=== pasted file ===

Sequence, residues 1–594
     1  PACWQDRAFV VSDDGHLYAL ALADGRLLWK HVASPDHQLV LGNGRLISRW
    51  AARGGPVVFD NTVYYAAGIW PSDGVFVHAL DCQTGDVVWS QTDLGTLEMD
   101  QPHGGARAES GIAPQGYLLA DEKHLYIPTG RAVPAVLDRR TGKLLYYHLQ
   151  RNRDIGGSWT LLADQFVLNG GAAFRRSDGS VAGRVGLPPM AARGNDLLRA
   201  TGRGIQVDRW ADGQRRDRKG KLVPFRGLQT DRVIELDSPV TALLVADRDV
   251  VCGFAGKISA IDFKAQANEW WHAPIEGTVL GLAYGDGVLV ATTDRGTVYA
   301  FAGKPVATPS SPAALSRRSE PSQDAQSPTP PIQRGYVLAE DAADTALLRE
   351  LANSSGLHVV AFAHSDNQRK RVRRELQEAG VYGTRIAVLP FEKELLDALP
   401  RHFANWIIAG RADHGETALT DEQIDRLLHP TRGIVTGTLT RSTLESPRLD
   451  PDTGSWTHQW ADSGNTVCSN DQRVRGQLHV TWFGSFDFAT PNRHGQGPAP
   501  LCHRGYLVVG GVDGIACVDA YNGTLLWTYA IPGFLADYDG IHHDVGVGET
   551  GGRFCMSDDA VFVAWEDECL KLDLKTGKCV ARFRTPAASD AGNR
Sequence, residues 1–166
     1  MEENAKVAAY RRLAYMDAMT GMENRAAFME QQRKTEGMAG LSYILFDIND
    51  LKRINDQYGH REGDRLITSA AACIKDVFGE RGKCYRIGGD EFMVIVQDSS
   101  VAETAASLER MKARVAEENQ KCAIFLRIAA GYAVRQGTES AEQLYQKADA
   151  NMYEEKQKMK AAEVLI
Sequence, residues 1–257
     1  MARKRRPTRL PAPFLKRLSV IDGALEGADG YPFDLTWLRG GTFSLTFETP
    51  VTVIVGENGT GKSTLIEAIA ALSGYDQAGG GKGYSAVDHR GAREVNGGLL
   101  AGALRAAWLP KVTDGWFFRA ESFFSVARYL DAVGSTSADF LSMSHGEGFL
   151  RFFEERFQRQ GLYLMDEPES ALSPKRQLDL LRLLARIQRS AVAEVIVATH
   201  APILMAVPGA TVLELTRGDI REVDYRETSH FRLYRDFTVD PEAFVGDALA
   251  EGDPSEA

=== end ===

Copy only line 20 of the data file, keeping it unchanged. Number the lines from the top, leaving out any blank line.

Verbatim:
     1  MARKRRPTRL PAPFLKRLSV IDGALEGADG YPFDLTWLRG GTFSLTFETP